During last year’s Super Bowl, Anheuser-Busch ran a commercial in which a large barrel of corn syrup is delivered to the Bud Light castle. Because Bud Light doesn’t use corn syrup, the Bud Light King and a rag-tag group of knights attempt to deliver the barrel to the Miller Light castle, where it’s declined (because they already received their shipment) and, finally, to the Coors Light castle, where a guard acknowledges that their beer is brewed with corn syrup.
Molson Coors (formerly MillerCoors) filed a lawsuit, alleging that the commercial, and a series of other related ads, were misleading. Although the company acknowledged that it uses corn syrup as a fermentation aid during the brewing process, it stated the sweetener is broken down during the process and, thus, isn’t in the beer itself. Molson Coors argued, however, that the the ads falsely suggested that corn syrup is actually in the beer.
After more than a year of legal battles, the Seventh Circuit handed Anheuser-Busch a decisive victory in a short, five-page opinion. Whether or not an ad is misleading is often complicated and turns a lot on the specific language and context of the ads. Most decisions, then, carefully analyze the ads and consider consumer perception. The Seventh Circuit took a different approach in this instance, noting that “this case is and always has been simple.”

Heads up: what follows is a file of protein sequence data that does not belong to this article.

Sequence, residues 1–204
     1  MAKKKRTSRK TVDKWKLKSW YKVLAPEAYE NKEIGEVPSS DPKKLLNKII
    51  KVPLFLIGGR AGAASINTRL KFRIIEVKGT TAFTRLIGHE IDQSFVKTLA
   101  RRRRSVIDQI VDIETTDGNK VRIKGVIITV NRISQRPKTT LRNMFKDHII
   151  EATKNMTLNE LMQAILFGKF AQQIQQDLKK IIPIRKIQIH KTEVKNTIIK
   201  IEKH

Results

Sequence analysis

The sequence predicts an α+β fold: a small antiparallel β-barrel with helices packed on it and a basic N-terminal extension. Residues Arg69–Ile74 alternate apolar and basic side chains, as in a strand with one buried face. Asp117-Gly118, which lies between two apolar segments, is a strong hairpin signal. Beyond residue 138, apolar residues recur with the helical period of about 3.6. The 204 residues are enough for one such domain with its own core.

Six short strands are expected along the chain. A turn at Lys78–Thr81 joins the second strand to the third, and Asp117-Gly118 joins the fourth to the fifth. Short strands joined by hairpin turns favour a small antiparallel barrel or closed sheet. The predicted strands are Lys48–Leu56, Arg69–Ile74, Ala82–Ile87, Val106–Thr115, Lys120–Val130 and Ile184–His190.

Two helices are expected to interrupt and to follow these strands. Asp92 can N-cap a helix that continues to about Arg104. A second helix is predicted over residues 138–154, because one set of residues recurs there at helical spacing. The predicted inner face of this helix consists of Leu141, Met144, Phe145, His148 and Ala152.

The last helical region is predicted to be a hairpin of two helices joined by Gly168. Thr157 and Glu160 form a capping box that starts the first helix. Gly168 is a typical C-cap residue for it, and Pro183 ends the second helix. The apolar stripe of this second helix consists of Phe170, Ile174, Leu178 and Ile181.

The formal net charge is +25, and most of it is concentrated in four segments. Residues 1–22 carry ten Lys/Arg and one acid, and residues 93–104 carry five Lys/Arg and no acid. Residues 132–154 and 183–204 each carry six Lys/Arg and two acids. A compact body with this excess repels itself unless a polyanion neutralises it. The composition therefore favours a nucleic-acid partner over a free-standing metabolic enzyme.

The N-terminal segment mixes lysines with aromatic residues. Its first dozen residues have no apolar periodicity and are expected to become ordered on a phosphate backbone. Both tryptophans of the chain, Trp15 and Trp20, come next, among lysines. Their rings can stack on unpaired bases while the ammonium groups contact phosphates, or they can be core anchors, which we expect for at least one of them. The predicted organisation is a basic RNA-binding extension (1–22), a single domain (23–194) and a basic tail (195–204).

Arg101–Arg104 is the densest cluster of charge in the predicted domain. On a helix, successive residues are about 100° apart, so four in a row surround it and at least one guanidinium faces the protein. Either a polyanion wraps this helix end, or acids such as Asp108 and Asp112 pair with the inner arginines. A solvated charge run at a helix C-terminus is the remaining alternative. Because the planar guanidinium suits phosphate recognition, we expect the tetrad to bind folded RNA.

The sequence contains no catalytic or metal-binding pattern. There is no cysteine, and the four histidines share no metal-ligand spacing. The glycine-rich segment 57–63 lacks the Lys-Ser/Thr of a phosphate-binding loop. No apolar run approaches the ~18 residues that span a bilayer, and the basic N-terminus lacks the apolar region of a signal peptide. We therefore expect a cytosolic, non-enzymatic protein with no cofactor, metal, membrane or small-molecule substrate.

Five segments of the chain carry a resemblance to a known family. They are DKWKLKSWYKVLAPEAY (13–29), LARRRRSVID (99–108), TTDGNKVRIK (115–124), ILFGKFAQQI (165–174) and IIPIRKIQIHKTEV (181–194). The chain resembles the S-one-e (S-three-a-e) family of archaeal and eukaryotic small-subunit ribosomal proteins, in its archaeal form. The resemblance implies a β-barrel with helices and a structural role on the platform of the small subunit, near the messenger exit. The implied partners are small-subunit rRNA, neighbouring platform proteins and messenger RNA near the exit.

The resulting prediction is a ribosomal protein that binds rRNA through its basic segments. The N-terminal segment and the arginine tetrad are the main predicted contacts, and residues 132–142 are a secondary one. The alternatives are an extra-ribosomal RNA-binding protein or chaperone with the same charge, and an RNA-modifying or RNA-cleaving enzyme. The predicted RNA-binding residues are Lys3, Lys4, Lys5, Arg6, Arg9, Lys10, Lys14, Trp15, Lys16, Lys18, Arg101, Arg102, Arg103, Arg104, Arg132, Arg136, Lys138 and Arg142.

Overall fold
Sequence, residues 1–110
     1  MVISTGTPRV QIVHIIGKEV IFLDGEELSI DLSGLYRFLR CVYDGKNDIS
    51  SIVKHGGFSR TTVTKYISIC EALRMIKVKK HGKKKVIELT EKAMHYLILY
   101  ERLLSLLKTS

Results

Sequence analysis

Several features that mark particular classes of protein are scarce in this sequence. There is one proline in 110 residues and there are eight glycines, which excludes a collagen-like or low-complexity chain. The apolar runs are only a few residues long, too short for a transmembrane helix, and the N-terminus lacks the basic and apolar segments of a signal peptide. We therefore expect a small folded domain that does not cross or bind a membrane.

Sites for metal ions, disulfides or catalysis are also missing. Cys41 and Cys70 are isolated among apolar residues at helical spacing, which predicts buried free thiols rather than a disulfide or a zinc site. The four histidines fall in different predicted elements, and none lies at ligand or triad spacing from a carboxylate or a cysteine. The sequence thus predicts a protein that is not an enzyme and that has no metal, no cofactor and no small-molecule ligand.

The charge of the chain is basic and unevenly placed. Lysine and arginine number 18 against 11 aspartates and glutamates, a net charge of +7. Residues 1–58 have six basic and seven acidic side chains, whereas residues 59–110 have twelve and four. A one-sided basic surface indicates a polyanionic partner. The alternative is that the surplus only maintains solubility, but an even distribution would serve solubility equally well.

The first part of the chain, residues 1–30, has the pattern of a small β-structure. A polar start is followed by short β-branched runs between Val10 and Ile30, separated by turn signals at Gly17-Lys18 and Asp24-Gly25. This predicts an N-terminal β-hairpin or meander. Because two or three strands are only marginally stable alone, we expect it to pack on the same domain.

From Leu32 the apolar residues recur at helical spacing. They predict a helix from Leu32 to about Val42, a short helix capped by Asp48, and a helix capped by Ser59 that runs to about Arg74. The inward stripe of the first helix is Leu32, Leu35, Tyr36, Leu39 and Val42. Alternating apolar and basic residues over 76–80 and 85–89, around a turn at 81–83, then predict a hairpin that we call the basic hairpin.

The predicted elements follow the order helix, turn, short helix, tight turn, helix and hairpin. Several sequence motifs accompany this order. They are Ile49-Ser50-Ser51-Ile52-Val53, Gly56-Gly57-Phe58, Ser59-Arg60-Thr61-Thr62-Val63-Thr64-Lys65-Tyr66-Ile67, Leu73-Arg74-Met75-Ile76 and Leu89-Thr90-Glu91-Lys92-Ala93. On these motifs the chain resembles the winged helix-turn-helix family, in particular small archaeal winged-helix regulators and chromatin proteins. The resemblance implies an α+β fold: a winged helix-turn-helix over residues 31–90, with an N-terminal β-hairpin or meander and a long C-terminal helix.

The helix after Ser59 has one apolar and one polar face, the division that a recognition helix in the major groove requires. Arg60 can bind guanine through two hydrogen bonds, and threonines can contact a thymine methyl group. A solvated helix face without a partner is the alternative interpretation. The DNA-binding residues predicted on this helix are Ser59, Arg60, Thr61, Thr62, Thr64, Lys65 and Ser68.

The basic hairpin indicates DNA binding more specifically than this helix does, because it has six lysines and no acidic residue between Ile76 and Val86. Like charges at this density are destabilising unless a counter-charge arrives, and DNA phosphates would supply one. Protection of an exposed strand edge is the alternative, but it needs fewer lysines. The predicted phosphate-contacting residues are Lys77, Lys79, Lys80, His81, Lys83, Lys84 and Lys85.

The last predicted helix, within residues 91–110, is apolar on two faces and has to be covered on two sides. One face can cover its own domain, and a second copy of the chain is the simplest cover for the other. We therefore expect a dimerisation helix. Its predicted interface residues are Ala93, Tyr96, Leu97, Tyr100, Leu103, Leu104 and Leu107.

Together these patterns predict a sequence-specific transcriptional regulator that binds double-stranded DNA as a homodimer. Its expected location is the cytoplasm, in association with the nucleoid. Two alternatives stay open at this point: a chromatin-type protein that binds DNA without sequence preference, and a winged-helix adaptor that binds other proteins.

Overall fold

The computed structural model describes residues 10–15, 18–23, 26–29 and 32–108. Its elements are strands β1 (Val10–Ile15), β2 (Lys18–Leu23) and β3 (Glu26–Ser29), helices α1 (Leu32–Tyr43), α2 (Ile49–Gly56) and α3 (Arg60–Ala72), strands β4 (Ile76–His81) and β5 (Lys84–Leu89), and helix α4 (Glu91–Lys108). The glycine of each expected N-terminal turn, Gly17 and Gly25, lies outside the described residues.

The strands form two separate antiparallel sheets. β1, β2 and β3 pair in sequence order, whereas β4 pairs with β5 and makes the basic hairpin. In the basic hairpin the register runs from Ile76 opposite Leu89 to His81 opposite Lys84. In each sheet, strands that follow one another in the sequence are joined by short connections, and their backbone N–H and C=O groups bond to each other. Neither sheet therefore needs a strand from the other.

The Seventh Circuit’s decision turned largely on ingredients panels for Miller Light and Coors Light beers, both of which list “corn syrup” as an ingredient. Molson Coors argued that just because something is listed as an ingredient, doesn’t mean that the beer contains it. The Court wasn’t sympathetic, though, noting that even if the Bud Light ads infer that corn syrup is in the beer, the packages “yield the same inference.”
Ultimately, the Court determined that it’s not false or misleading “for a seller to say or imply, of a business rival, something that the rival says about itself.” Rather than litigating the issue, the Court suggested that “if Molson Coors does not like the sneering tone of Anheuser-Busch’s ads, it can mock Bud Light in return. Litigation should not be a substitute for competition in the market.”
Advertisers may see this decision as a signal that they can get more aggressive in their ads. But before you start sneering at your competitors too much, consider that other courts may have approached this analysis differently. Consumer perception often plays a more central role in these decisions and, if a court determines that consumers take away the wrong impression from an ad, an advertiser may be held liable for that.